I was President of ADEA when 9/11 occurred and saw how the organization pivoted to serve its members. My theme for my presidential year was “Lead Change”. ADEA has been an exemplar in leading change. Changes include a strong emphasis on professional and leadership development. A recognition that faculty and administrators benefit from programming and opportunities to enhance their skills, knowledge and practices. I have seen a commitment to create a pipeline of both leaders and educators to serve the needs of our educational institutions. A focus on welcoming everyone engaged in dental education to become members and participate as leaders and followers. ADEA also recognized that the dental profession is not isolated, resulting in collaboration, IPE and a concerted effort to connect oral health with general health among and between all professions. Finally, the recognition that diversity on all levels is essential. Diversity, equity, inclusion and justice are hallmarks and an important part of the ADEA tapestry.

Q. During your tenure as ADEA President, you helped create the ADEAGies Foundation. Why was the creation of the Foundation important and what void in dental education or dentistry itself do you think it addresses that existed before the Foundation’s creation?

The William Gies Foundation wanted to engage with a not-for-profit association and identified ADEA as an ideal partner. We agreed as an organization to match the funds the William Gies Foundation offered. The collaboration resulted in the ADEAGies Foundation, which served as a resource for the work of ADEA. At the time, and it has come to fruition, the goal was to create opportunities to advance oral health through grants, programming, scholarship and special initiatives. We also thought it was essential to celebrate institutions and individuals within and outside of dentistry that modeled what the Foundation stood for and hoped to achieve. It continues to promote innovation advancing dental education and the dental profession. I was proud to serve as the Foundation’s first president following its inception.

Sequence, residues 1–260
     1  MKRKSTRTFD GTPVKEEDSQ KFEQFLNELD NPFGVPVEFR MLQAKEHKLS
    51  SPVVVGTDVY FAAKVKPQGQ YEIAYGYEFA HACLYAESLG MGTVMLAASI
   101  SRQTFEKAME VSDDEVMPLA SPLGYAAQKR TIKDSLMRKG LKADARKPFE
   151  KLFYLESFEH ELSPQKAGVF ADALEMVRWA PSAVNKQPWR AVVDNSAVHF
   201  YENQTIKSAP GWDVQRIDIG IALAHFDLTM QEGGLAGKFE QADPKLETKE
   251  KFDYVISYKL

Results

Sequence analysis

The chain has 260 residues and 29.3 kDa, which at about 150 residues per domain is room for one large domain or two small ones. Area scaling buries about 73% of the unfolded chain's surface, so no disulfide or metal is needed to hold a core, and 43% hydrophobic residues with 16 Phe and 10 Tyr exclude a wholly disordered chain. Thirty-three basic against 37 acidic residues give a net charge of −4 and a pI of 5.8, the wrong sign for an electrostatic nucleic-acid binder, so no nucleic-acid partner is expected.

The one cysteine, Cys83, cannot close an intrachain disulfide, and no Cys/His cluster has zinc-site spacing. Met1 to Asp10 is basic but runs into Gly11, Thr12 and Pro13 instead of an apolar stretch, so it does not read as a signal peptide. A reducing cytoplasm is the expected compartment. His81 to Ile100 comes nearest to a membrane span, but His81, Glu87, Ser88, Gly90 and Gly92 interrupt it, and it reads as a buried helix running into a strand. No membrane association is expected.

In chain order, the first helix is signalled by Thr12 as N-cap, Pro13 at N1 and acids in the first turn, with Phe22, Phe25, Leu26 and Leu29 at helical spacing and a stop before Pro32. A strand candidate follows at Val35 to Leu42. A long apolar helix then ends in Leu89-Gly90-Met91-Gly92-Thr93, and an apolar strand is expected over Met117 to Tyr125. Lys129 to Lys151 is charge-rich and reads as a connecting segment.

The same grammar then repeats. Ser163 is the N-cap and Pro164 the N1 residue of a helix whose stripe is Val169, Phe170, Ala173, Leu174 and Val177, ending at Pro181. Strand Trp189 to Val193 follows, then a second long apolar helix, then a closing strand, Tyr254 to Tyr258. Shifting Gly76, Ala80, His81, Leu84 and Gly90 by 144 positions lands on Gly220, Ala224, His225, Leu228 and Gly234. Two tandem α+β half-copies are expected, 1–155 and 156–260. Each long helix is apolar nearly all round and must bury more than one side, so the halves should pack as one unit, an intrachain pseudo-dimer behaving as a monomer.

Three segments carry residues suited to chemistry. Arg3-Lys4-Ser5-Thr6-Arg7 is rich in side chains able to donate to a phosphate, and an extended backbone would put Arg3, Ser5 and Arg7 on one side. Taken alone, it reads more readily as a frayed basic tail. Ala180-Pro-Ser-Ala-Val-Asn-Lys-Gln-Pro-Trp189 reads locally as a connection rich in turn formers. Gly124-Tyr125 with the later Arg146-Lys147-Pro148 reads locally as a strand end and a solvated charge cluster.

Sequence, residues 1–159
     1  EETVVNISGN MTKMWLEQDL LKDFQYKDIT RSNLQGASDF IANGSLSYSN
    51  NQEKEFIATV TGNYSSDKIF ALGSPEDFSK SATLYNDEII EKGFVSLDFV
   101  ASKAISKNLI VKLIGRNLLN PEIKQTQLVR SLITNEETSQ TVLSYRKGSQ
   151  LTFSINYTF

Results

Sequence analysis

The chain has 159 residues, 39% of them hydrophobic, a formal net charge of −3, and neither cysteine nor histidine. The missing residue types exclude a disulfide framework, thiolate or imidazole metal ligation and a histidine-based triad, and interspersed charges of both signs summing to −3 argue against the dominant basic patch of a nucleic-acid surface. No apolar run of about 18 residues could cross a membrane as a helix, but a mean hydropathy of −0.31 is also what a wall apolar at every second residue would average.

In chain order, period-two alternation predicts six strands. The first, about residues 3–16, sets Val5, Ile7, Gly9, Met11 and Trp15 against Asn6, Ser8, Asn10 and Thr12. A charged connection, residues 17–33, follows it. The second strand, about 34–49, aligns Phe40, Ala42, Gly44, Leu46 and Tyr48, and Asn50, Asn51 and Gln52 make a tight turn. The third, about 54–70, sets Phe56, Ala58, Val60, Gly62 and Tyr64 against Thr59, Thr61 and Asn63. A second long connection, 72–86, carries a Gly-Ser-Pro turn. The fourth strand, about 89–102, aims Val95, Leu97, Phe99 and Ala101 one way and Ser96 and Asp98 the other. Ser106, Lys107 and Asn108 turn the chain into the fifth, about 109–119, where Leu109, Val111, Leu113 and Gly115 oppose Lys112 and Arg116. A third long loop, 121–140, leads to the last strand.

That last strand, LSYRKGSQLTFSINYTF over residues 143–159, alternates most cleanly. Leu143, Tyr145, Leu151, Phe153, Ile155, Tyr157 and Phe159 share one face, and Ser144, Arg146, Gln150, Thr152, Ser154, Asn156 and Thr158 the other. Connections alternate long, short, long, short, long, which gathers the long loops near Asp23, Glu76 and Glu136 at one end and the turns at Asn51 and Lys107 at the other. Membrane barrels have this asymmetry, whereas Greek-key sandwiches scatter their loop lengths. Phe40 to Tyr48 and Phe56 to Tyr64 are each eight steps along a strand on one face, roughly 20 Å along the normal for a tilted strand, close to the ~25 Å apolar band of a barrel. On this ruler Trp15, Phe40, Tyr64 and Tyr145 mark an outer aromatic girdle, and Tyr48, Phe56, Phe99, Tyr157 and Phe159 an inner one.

Q. Which of your accomplishments in relationship to ADEA and/or dental education, in general, are you most proud of?

During my tenure as President of ADEA, I often used the tapestry analogy. ADEA, as an organization, included unique threads consisting of its members, goals, services, successes and challenges. It is a complex organization, just as a tapestry consists of multiple threads, colors and stitches. I am most proud that the ADEA Leadership Institute and ADEA Allied Dental Faculty Leadership Development Program were started during my tenure. We engaged with global partners, meeting with the Association for Dental Education in Europe in Prague. We worked to engage all members to participate and contribute to the organization. I was in Washington, DC, on Sept. 11, 2001. As an organization and with our members, we navigated the aftermath of 9/11 and its impact on us as individuals and as a profession. It contributed to our strength and commitment to each other as dental educators, forming the next generation. I am also grateful for the opportunity to remain engaged with ADEA in various roles, whether contributing to the ADEA Leadership Institute, participating in the ADEA Annual Session & Exhibition or responding to a request from the ADEA leadership.